What Should We Do About Fares (3)

Last week, the TTC approved new fares to take effect January 3, 2010.  This scheme represents roughly an 11% increase for adult tokens with proportionate increases in other fares.

Oddly enough, the projected increase in revenue is well under 11% thanks to the estimated loss of riders due to such a big jump in fares.  The idea of a freeze last year may have seemed good at the time (going into a recession), but the consequences of having two years’ worth of increase at one time is the downside.

The Commission overrode staff’s recommended fare scheme and held the Metropass multiple at the same level as in 2009 so that it would rise to $121 rather than $126 (to $111 instead of $116 for subscribers).  In a major new policy, the Commission, reacting to a large and well co-ordinated campaign, removed the age limit for student passes and extended them to post-secondary students effective September 2010.  This will save them $22 off of a regular Metropass.

The Commission also agreed to pursue a target of 60% farebox recovery to bring Toronto’s system to a level closer to other Canadian systems.  What remains to be decided is how that 60% level would be achieved.

Fare policy should never be made in the heat of a budget debate, but nobody seems to want to discuss the issues at any other time.  This brings gains, if any, to the squeakiest wheels, not necessarily the most deserving.

I expect all sorts of ill-will to come my way for saying this, but we hear a lot about the effect of transit fares on “the poor”, whoever they may be today.  Are students “poor”?  In past fare debates, they have been painted by advocates for welfare recipients and the working poor as coddled members of a class who could look forward to substantial incomes.  Yes, some students come from backgrounds of limited means, but does this entitle them to fare discounts?

The poor, those for whom budgeting consists of day-to-day decisions about what they can spend, choose not to buy passes because this would represent a single large outlay and because they are unsure of actually needing a pass for the entire month.  The sad fact is that “the poor” tend to pay single fares, or at best token fares, because that’s what their cash flow permits.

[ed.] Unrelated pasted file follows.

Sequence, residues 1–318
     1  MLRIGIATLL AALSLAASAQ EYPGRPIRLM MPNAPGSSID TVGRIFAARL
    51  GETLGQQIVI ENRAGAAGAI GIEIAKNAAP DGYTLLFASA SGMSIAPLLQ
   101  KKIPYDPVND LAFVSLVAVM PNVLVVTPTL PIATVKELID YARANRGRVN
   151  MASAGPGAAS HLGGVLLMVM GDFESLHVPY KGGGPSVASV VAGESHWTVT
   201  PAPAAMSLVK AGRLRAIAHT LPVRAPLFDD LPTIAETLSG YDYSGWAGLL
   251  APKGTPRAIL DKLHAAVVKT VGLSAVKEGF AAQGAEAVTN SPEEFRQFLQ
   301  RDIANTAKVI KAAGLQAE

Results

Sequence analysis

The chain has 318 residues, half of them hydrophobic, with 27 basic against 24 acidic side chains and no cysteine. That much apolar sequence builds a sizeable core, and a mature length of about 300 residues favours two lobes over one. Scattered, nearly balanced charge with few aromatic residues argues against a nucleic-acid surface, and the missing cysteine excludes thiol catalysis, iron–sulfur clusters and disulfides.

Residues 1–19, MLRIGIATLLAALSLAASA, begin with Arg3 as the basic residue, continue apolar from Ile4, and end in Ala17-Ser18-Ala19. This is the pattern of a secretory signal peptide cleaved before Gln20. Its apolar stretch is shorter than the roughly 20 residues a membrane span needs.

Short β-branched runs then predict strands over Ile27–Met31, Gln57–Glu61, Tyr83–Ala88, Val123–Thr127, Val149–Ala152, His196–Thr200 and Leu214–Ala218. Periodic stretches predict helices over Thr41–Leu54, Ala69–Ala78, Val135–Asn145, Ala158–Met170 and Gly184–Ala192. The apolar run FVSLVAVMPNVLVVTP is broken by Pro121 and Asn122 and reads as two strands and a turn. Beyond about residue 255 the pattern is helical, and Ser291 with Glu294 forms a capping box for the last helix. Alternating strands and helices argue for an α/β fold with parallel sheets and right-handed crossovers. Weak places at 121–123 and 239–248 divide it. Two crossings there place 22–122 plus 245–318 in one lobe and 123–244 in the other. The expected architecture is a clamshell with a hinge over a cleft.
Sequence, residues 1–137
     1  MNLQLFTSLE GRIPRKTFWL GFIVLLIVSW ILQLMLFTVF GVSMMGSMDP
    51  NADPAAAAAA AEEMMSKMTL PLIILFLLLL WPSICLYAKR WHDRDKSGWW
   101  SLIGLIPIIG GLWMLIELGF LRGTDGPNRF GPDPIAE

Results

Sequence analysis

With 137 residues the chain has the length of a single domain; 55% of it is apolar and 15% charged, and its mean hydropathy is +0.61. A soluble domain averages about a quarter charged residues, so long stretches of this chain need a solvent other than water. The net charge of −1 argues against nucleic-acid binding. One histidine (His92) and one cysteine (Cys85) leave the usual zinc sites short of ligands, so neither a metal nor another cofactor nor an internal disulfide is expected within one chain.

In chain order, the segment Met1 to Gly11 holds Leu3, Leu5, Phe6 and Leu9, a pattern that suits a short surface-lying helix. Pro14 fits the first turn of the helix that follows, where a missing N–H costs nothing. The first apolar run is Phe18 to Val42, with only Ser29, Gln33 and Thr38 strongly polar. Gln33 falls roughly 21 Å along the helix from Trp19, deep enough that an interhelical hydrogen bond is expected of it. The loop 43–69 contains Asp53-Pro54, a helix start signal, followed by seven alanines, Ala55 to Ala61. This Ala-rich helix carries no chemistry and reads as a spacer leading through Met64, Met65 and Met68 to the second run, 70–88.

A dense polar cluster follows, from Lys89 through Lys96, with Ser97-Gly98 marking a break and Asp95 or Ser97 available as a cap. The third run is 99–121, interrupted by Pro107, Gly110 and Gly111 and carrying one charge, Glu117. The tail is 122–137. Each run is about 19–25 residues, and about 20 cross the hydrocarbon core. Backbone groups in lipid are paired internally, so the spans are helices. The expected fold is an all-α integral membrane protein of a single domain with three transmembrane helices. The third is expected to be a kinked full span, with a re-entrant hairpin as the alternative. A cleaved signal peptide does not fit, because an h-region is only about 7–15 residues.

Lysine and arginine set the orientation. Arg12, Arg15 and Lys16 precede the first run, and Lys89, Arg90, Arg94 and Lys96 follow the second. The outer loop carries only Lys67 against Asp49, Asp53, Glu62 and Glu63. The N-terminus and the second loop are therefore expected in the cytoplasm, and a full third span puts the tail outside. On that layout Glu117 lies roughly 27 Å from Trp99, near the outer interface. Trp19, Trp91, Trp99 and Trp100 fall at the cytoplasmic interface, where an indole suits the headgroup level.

Taking the farebox recovery to 60% is presumed by many to mean “freeze the fares”, but that’s both shortsighted and not necessarily the best policy.  The TTC budget for 2009 was roughly $1.3-billion, and a 10% reduction in fare recoveries represents $130-million of new “expense”.

  • The reduction might be achieved by running more service, changing the standards so that buses and streetcars ran more frequently with more empty space (even seats!).
  • It might be achieved by changing the fare structure.
    • The TTC has already priced the implementation of a time-limited fare (unlimited riding for one fare for two hours) at about $15-million annually.
    • Over a decade ago, the cost of senior/student fares relative to adults was bumped in a revenue grab to stave off a larger adult fare increase.  Should this be reversed?  All in one go, or over a few years?  How much would it cost?
  • As a fare freeze, that might last two years, after which we would be back into a debate about a fare increase at least at the level of inflation.

Better service benefits everyone not just by making the system attractive and improving its political base (without which better subsidies are unlikely), but also by reducing the time wasted by riders trying to get from “A” to “B”.  The time spent waiting for a bus or streetcar to show up can be a significant part of someone’s trip, and unreliability further extends the period a rider must allow for the “routine” delays that may occur. 

Time-limited fares would simplify the entire transfer mechanism (establishing a clear yes/no test for transfer validity), but would also act as a limited-time pass giving people who must make a number of linked, short trips the ability to travel without paying many fares.  (Yes, there are day passes, but they’re not always available when and where you need them, and four fares may be more than you want to pay.)

Adjusting the ratio of senior/student fares to adults would improve the lot, financially, of a group that were treated in the past as cash cows, a captive market that would bear any increase.  There will always be fare increases eventually, but there is also a strong argument for restoring the ratio between adult and the concession fares to historic levels.

Smart cards are mentioned often, but the system should allow someone to qualify for bulk discounts (equivalent to passes) based on their usage history without having to pay for an entire week or month of transit use up front.

If the intention of that 60% target is simply to freeze fares, that’s nothing more than a call for greater subsidies without the riders putting any money into the pot, and it will do nothing to change the quality of transit (or the fare structure).  Two years from now, we will be back in exactly the same place.

If the intention is to have a full debate about how we might adjust fares and service, then that’s worthwhile.  We can talk about investing in transit, in making the system more equitable, in improving service and reliability.  Those are changes where new subsidies provide lasting results for riders, not bandaids to defer real discussion until the next budget crisis.